Fortunately, installing SeaDek on an entire boat isn’t a big deal. Doing the DIY job on both forward and aft cockpits plus the foredeck of the Glacier Bay took just over 16 hours in total. Actually, laying down the stuff doesn’t take long at all, but first you need to prep the deck. You also need to template it, if your boat isn’t already in SeaDek’s database. If it is, their computer routers can do all the cutting for you – and you’ll have perfect radiuses and fits – or you can template the boat and send it to SeaDek, as opposed to cutting the SeaDek from panels yourself (the least expensive method, and the one I chose).

seadek boat
New boats or boats that are professionally templated and router-cut by SeaDek are going to be better looking than most DIY jobs.

One other consideration to make when deciding whether to do this job yourself or enlist the help of a pro is longevity. The fiberglass prep (an uber-thorough scrub-down followed by wiping with an ammonia-based cleaner and then acetone) may require more or less effort depending on how old your boat is and what may or may not have come in contact with the deck through the years. As a result of my own sub-par prep, which I thought was quite thorough at the time, I found that several pads I installed popped up after about two years. That’s not a tragedy since 3M makes a spray-on adhesive that does a great job of re-sticking it to the deck, but it has led to some extra work down the line.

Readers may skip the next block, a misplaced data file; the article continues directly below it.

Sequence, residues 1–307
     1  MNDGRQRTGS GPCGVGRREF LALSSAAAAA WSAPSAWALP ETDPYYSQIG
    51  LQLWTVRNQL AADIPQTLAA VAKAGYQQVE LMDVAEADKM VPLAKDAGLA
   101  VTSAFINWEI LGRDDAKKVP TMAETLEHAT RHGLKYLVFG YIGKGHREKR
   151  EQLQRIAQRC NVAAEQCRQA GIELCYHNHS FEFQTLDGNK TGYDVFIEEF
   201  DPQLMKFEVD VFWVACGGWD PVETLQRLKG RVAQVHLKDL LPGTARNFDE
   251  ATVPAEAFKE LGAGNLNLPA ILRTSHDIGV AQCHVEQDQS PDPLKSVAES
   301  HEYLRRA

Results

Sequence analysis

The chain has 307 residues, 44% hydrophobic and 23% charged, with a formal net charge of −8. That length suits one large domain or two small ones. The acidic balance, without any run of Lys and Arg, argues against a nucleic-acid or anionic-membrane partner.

seadek test
You can see the center panel is ever-so-slightly askew, having been re-affixed after my prep-job turned out to be insufficient in that spot.